Falk Zientz is building a self-sustaining microfinance distribution system which links traditional banks and non-banking organizations in Germany. Through this new system of micro lending, Falk is empowering tens of thousands of entrepreneurs to access new forms of capital and create lasting change for themselves and their communities. This new model breaks the cost barrier, penetrates niches and creates a financially sustainable platform. Falk has embedded this strategy with key stakeholders, thereby institutionalizing it in financial markets. Faisel Rahman is seeking to transform the provision of financial services to the low-income communities in the UK. He demonstrates that this market can be profitable, if the proper information is provided to mainstream financial institutions, and second, financial products and services are tailored for low-income individuals. Fair Finance helps entrepreneurs by offering Fair Business Loans which help new or existing businesses in need finance. The Ashoka Support Network (ASN) is a global community and investors’ network of successful business people who share Ashoka’s belief that entrepreneurs are the primary engines for economic and social development. They support the work of Ashoka through financial investment and by sharing their knowledge and expertise directly with social entrepreneurs. In doing so, the ASN is creating an entrepreneurial community that builds business-social bridges to achieve social impact.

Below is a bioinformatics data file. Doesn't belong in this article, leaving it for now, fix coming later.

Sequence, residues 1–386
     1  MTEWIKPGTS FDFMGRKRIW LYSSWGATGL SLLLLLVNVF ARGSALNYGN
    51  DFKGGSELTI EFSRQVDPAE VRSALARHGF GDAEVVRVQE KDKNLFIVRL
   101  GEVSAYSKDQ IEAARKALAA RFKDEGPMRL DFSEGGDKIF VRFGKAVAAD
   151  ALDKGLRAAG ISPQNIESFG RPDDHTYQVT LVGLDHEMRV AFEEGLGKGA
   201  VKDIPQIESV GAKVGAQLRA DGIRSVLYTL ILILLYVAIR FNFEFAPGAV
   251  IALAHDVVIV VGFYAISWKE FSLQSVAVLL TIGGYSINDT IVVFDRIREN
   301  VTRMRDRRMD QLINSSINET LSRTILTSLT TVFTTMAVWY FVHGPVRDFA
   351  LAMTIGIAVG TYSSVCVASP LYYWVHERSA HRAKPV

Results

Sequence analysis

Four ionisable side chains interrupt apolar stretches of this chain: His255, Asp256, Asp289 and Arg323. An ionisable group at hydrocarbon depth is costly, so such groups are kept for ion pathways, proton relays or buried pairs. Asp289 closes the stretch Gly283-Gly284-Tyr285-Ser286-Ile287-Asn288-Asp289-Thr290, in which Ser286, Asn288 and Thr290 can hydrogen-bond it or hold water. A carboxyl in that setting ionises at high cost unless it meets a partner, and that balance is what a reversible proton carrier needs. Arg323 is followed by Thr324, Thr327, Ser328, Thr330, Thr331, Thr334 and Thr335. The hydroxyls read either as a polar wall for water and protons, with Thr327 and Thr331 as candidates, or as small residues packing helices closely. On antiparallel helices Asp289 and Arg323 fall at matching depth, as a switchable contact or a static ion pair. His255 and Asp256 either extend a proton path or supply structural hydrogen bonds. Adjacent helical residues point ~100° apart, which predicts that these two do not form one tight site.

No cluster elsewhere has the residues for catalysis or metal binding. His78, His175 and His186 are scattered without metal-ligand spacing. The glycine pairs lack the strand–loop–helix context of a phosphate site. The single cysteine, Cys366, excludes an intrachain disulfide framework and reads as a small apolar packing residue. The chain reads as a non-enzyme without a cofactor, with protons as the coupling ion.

Lily Lapenna from the UK is fostering and educating a generation of young people who will become the enterprising and financially empowered citizens of the future. At the core of Lily’s approach is the insight that finance can be used not simply to encourage savings and thrift but also as an effective springboard for young people to launch new ventures. The centerpiece of MyBnk’s unique approach is the MyBnk-in-a-Box program. As a youth-focused and youth-led microfinance scheme, it emulates a real world lenderborrower scenario. Through the banking scheme young people create and manage their own savings and take out small, interest-free loans to start their own ventures. By coupling microfinance inspired financial literacy with entrepreneurship, Lily provides a unique learning experience that goes beyond learning about money, but also equips individuals to thrive in a fast-changing and dynamic workplace by learning financial concepts and tools to achieve their goals and unlock their entrepreneurial potential.